Each network connection in the residence halls is designed to provide individual use allowing students to access the Internet and campus technology services.
The network is not designed to support numerous servers in the residence halls. Running servers exponentially increases the number of connections and network traffic within the halls. In addition, while today’s new desktop computers come with powerful network and server services, these features contain numerous vulnerabilities to viruses and worms. Viruses often enable hackers to connect to workstations and attack other computers, launch denial-of-service attacks, or get access to your personal data. Unmanaged software and workstations that enable outside users to connect to workstations affect everyone in the residence hall.
A block is in place preventing any computer outside the campus network from connecting to a computer in any residence hall. Computers in the residence halls can connect to on-campus services, external servers, web sites, and download files via the Internet.
This block will affect external access (off campus) to servers including FTP servers, Web and Database servers. It also may affect some features of P2P file sharing programs and Instant Messaging services on workstations in the residence halls.
This block will not affect connections between computers on-campus. It is still critical that you apply daily anti-virus software updates and perform regular Windows updates. If you are running server and network services software for an on-campus server, it is still critical that you maintain good security practices.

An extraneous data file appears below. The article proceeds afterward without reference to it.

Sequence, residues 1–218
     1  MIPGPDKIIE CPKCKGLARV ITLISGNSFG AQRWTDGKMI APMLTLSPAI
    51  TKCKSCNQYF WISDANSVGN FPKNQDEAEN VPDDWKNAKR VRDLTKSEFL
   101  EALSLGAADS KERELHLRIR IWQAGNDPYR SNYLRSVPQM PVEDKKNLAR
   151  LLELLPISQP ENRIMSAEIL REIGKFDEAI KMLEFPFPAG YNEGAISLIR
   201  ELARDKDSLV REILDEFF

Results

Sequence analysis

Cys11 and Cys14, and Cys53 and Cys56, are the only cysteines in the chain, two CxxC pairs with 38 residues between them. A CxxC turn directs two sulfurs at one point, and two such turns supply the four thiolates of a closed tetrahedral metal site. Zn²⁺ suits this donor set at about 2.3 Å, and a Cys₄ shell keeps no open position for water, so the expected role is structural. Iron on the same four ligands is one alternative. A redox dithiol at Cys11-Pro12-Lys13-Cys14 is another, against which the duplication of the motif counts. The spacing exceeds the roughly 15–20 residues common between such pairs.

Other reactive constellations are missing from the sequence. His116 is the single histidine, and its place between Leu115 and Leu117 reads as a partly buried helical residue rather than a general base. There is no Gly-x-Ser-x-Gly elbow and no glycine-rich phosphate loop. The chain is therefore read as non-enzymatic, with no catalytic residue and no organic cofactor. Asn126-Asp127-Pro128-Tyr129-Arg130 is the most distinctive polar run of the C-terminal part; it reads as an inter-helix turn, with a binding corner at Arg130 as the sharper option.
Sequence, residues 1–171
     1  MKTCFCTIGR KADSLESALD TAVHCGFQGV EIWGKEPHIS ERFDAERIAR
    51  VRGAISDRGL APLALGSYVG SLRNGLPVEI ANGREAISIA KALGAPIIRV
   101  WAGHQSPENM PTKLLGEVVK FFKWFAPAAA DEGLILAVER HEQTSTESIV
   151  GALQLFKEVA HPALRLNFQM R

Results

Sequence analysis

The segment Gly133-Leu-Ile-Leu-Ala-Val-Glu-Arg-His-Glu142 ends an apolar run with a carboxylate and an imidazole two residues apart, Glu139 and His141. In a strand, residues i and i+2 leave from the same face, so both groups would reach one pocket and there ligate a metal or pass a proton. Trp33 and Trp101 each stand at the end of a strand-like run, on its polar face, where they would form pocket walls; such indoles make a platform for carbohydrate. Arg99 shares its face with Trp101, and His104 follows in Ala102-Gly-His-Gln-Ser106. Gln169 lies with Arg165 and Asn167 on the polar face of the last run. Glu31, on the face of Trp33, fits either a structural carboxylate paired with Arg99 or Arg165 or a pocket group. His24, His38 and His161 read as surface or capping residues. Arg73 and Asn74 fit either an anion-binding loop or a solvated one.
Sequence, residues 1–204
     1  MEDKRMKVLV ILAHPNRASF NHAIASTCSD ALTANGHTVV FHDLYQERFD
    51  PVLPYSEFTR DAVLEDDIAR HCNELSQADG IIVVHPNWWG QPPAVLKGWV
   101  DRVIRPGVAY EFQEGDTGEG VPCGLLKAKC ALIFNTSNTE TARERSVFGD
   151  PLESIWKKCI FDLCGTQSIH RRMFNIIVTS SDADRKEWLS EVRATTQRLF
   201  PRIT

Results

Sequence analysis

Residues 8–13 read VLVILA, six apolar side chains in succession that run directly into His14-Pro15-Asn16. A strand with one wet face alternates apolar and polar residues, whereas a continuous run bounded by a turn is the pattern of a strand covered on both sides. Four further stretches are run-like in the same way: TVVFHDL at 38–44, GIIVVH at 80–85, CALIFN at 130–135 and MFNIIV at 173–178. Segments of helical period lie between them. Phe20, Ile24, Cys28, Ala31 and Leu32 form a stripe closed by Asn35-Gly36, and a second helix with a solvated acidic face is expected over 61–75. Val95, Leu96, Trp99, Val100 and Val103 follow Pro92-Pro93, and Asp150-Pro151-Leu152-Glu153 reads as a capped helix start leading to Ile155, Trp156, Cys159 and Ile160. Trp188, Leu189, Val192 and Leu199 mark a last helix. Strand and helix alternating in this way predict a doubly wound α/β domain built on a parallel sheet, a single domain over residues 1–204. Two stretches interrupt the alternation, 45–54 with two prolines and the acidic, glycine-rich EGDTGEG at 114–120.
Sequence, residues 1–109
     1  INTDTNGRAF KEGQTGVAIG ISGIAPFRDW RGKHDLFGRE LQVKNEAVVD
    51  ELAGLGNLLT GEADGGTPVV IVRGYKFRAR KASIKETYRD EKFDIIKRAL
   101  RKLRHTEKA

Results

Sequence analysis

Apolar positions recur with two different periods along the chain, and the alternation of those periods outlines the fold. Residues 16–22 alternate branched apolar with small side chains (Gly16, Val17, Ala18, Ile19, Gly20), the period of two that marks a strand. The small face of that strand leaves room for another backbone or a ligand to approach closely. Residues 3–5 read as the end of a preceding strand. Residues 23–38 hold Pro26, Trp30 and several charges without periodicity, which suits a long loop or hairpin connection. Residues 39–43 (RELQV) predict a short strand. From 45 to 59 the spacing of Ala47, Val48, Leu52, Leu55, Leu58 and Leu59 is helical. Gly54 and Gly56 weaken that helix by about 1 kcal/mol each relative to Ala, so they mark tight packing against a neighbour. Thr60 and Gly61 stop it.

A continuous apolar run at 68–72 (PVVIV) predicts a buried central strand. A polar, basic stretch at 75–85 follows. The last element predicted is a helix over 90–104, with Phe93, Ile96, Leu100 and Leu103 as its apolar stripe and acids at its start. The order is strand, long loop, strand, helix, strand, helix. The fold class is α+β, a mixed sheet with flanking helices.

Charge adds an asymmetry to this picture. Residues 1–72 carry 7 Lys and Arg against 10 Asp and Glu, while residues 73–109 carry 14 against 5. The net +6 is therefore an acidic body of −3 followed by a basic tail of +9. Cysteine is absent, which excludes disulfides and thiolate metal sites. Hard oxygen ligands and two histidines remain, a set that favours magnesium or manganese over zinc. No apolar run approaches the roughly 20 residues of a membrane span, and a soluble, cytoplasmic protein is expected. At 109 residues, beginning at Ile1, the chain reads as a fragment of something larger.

If you are using file sharing programs to download and share copyrighted material, this block will not protect you from identification by software publishers and subsequent legal action. Illegal sharing of copyrighted files is against University Policy.
If you have an academic or administrative need to run a server in your residence hall that can be accessed by computers outside the Georgetown University network, an exception process is in place.
Meet with the University Information Security Office to review University policies (Computer Systems Acceptable Use and Information Security Policy), security responsibilities, and required practices. Arrange for a security check up of your server to identify and resolve any security holes before proceeding.